Permit me to share with you some of the barriers we in Transparency International Bangladesh, and my colleagues in more than 90 countries around the world, face in trying to use UNCAC to make change. Either for lack of due appreciation of the benefits of UNCAC or for a deficit of political will, the true ownership of the Convention is yet to be developed in many cases. In many cases there are resource constraints, lack of knowledge, technical capacity and skills needed to make the Convention work. But, we also often observe that even when domestic legal regimes are compatible with standards and principles of the Convention, gaps in enforcement and practice persist, which can be addressed only by full commitment to build institutional capacity to truly and effectively criminalize corruption without fear or favour.

There are even examples of institutions of accountability subjected to partisan political influence that make room for impunity to corrupt practices. In some cases there are gaps in transparency.

  • Few countries are providing enough information about enforcement. Let’s say you are a member of the public, or the media. You want to know what your government is doing to prosecute corruption. In practice, you will struggle to find that out in too many countries.
  • When it comes to whistleblower protection the gaps are also often the same as well as with the liability of legal persons and foreign bribery, among others.
  • And in many countries the enforcement challenges include insufficient independence of enforcement authorities together with inadequate resources, expertise and training.

To conclude, as we prepare for the next review process in a year, we encourage all Member States to honour their commitment to the involvement of civil society in the UNCAC review process, a role that is enshrined in the Convention itself.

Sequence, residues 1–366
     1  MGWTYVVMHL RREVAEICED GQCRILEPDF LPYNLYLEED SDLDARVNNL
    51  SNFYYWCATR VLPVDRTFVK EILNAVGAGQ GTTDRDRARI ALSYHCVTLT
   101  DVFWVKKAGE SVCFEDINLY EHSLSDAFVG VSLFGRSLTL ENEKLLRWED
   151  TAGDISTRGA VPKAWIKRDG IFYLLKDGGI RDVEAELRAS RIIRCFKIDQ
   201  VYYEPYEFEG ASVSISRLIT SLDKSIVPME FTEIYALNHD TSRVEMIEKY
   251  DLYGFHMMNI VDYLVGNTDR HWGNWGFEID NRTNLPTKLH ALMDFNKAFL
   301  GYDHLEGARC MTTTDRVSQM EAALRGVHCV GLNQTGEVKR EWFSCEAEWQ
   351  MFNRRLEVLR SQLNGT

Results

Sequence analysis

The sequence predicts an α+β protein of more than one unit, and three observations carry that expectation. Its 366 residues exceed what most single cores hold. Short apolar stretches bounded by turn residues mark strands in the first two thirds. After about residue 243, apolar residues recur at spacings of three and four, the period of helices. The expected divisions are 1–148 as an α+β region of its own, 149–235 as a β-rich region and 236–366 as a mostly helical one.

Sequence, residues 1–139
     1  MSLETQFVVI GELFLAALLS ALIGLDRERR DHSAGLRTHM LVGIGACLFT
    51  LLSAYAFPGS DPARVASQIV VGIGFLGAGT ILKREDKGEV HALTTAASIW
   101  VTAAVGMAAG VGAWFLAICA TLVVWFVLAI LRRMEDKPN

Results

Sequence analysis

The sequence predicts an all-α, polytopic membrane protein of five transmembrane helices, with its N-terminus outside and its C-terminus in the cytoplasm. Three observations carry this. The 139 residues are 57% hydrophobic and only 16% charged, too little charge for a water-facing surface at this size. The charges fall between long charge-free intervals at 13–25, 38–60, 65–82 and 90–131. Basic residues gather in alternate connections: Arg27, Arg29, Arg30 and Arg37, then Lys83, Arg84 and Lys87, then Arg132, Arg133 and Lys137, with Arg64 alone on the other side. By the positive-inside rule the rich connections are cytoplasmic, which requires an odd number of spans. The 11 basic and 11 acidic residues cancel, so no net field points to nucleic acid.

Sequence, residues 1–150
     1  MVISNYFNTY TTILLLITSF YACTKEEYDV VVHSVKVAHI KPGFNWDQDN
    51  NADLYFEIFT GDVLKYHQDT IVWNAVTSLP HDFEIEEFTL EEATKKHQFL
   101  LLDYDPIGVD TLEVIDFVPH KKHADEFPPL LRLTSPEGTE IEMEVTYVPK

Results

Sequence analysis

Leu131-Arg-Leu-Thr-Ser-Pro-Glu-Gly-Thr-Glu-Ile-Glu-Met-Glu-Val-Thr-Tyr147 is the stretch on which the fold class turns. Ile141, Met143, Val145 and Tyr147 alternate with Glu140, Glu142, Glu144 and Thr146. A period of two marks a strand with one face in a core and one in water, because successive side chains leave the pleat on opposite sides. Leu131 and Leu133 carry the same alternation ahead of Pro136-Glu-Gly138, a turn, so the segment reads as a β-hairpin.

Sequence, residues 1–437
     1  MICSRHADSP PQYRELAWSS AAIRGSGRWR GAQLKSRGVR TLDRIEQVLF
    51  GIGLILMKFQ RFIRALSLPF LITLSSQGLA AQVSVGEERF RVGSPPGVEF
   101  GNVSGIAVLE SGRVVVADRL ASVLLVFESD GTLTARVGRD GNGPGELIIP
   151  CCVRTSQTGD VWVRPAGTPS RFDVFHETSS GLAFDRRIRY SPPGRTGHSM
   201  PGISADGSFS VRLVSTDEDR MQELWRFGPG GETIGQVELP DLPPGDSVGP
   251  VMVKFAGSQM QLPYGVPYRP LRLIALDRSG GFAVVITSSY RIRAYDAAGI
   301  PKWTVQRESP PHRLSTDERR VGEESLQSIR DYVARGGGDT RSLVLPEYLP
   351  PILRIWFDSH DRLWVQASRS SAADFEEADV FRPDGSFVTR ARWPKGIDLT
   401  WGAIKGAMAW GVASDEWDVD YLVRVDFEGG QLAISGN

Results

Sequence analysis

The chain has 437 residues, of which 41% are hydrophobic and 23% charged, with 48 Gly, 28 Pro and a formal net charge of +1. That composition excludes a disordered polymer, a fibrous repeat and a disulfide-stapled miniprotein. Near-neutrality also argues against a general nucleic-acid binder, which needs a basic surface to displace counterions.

The events of the Arab Spring as well as work of Transparency International around the world remind us that there can be no effective fight against corruption without citizen involvement, and that Governments ignore civil society only at their own risk. No one can be oblivious of the fact that in the ultimate analysis power belongs to the people, and it is only by the mandate of the people that power is entrusted to the Government. People have the right to know, and they have the right and responsibility to participate in matters of public interest.

Thank you Chair, thank you ladies and gentlemen.

Country / Territory - International   |   Austria   |   Bangladesh   |   Brazil   |   Burundi   
Region - Sub-Saharan Africa   |   Europe and Central Asia   
Language(s) - English   
Topic - Access to information   |   Accountability   |   Civil society   |   Conventions   |   Governance   |   Human rights   |   Law enforcement   |   Media   |   Private sector   |   Public procurement   |   Public services   |   Transparency International   |   Whistleblowing   
Tags - UNODC   |   Cobus de Swardt   |   Whistleblower Protection Act